About The Trip
My almost eight month tour of Europe began in Paris on May 2, 2003 and
ended on December 13 in Athens, Greece. I visited 15 countries and the
Rock of Gibraltar. This was not primarily a birding trip, but a birder
is always a birder. The best birding was done on the seabird islands off
the coasts of Ireland and Wales and on the Orkney and Shetland Islands
of Scotland. This report covers these locations. I am also grateful to
my old Digital friend Mike Bowman for some fine birding in the Alps
around Geneva. I am a birder who is also interested in history,
archeology, art, architecture, music and just anything different. For
the birder with other interests or a non-birding travelling companion, I
include some sites that anyone may enjoy while visiting the seabirds.
Seabird Breeding Colonies
I actually visited my first seabird breeding colony, the Gannets of
Bonaventure Island, years before I took my first pelagic birding trip.
As fascinating as seabirds are at sea, they are even more interesting on
the breeding grounds.A major goal of my birding in Europe was to visit
the breeding colonies of the Manx Shearwater and the Great Skua.
The Manx Shearwater formerly known as the British Shearwater breeds
primarily off the coast of Wales and Ireland. There is a small known
colony of Manx Shearwaters in North America in Newfoundland. Many Manx
Shearwaters visit our New England waters during the summer. My best Manx
Shearwater experience was on Skommer Island.
The Great Skua visits our New England waters only in winter. Your best
chance of really experiencing these birds is on the breeding grounds in
Europe or Iceland. My best experience was on the Shetland Islands.
I also visited colonies of Kittiwakes, Razorbills, Murres, Atlantic
Puffins, Fulmars, and Northern Gannets.
Hostels and Getting Around
I am not rich. I traveled by train, bus, ferry boat, rental car and
plane. This was not an easy trip. Usually I arrived at the train station
and had to figure out how to take public transportation to the hostel.
In Berlin this required taking a train two stations, transferring to the
subway for a long trip across town, and then taking a bus. Of course I
had to haul my own luggage.
For the most part I stayed in youth hostels affiliated with Hosteling
International (HI) and cooked my own food. The hostels are not just for young
people these days (except in Bavaria, part of Germany that includes
Munich). In Europe they are used by adults, families with children,
school groups, and young adults. They charge per person and range from
the equivalent of $13 to $25 per night. You can make reservations on the
Internet or within a country one hostel will usually make reservations
for you at the next HI hostel. They all take credit cards.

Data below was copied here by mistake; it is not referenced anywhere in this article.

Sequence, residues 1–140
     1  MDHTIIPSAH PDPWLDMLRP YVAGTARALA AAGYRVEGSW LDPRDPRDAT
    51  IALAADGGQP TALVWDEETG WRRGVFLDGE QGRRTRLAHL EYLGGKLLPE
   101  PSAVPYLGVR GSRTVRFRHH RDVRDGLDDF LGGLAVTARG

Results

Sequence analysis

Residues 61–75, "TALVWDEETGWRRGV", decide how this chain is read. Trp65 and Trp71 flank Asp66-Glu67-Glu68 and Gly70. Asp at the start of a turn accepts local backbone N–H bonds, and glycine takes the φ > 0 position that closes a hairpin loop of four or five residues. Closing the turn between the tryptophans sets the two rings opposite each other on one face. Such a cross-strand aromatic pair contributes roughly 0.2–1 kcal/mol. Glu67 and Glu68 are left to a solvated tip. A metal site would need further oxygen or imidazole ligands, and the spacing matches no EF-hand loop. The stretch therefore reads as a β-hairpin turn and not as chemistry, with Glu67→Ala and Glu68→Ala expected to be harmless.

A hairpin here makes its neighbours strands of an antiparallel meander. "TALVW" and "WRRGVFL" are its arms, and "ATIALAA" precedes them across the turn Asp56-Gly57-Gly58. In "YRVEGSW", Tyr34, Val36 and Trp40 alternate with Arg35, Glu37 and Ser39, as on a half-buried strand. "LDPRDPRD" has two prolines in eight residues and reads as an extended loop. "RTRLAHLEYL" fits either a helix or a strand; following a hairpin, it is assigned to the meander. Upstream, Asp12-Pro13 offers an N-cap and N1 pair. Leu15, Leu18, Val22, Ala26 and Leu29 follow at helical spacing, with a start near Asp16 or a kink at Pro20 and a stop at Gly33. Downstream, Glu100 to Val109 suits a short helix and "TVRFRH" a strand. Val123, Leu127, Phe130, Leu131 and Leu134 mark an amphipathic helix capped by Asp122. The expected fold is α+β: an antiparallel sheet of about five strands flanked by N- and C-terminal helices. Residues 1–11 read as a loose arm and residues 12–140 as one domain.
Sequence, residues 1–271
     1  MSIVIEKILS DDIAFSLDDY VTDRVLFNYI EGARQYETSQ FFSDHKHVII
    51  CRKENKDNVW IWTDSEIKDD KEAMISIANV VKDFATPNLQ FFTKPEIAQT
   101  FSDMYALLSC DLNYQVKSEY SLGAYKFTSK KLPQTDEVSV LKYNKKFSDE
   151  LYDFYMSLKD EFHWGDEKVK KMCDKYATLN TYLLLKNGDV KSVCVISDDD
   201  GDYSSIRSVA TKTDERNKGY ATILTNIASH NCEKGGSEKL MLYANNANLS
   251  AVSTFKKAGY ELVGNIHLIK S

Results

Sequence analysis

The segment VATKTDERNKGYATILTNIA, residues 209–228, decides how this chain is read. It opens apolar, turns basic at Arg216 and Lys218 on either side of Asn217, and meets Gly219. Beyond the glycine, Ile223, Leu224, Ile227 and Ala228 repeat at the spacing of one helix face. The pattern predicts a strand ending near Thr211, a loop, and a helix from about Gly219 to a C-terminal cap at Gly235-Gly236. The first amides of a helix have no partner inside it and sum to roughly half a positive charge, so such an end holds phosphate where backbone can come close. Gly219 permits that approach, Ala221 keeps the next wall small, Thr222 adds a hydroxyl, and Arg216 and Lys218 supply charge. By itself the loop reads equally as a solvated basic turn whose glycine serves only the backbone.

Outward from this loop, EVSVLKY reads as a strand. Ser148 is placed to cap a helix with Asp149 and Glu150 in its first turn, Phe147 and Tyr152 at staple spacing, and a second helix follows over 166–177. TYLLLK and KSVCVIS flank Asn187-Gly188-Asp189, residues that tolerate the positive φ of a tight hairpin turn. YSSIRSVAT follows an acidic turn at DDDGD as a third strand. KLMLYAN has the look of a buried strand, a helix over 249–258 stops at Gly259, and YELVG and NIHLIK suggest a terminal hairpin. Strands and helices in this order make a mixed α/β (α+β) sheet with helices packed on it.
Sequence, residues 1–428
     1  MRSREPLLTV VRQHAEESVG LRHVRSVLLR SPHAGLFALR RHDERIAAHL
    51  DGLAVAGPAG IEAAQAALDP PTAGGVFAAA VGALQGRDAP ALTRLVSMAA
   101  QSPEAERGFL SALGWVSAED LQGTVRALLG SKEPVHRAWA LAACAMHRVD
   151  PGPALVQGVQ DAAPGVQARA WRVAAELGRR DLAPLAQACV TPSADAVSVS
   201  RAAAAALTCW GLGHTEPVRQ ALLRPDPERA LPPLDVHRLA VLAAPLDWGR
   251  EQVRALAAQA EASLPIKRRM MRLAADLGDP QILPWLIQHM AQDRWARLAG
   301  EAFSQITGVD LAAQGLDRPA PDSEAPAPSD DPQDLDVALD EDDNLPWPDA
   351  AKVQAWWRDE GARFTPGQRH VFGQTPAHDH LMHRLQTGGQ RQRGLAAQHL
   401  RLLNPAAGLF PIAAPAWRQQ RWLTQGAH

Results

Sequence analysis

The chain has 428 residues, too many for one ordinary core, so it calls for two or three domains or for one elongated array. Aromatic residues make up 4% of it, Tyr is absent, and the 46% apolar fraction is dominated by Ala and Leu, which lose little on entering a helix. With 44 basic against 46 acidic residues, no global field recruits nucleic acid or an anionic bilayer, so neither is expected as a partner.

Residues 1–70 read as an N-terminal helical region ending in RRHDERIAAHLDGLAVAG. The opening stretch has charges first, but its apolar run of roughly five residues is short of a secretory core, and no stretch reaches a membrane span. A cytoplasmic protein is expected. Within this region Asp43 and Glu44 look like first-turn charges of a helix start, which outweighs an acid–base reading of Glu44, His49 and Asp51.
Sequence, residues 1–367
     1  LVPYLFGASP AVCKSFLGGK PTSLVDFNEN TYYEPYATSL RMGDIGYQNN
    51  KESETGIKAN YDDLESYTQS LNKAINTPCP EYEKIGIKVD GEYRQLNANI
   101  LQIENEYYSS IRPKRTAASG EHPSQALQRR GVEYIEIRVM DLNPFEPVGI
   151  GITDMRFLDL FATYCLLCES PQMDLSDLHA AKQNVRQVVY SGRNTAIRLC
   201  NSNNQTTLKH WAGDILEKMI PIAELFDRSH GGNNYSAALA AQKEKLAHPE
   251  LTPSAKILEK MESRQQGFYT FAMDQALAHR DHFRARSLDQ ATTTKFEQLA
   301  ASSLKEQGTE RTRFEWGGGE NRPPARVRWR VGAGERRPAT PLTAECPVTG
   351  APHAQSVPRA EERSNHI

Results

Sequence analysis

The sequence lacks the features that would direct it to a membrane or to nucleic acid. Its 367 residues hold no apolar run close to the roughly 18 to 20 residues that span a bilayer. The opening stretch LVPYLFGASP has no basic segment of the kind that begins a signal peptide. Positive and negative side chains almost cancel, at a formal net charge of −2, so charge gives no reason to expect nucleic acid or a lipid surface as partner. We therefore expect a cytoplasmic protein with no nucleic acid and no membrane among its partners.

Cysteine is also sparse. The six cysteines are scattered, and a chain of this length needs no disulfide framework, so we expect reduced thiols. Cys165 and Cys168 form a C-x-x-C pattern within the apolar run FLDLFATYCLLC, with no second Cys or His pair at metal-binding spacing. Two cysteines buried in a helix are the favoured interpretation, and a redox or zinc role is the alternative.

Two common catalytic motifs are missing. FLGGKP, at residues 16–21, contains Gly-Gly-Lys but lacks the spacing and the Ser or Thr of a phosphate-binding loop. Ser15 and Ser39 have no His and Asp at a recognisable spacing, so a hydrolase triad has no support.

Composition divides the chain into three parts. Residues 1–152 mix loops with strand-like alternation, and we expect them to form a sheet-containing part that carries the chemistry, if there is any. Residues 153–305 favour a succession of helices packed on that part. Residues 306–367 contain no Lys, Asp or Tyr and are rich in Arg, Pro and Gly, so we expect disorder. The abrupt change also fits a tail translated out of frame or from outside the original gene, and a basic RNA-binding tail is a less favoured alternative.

You must adjust to sharing with strangers. Hostels offer common
bathrooms and dormitories or rooms for 1- 4 people with or without
attached bath. Most dorm rooms have 2-8 bunk beds. Some have up to 20
beds in one room. The beds are usually hard and narrow. Some have rooms
At some hostels you get a locker for which you provide the lock. All
require you to have your own towel. Most include clean sheets and a
pillowcase. There may be a small extra charge for sheets. Usually you
are handed the bed linens when you check in and you make up your own
If you don't get a locker you have to be prepared to carry your
valuables with you. I always protected my camera, binoculars and wallet
by carrying them with me all the time in a backpack. I never had any
trouble with anyone getting in my luggage left in a dorm room, but this
remains a risk.
I usually locked my suitcase to the bed while I was gone. This would not
prevent anyone from getting into it, but at least it would be difficult
to take the whole suitcase. I noticed some of my fellow travelers from
less affluent countries had very worn luggage. I used my roll of duct
tape to help some of them.
Most people staying in hostels quickly adjust to shared living. You will
too if you try. Snoring and people coming in late can be a problem so
learn to use ear plugs.
Most hostels are clean and safe. Common areas provide cooking
facilities, dining rooms, television, games, and Internet connections.
Most European hostels have meals (usually very starchy) at extra cost.
The best part of staying in a hostel is that you meet other travelers
from all over the world, exchange information and make some wonderful
Americans and especially birders should consider hosteling as an
inexpensive alternative to expensive hotels and undesireable budget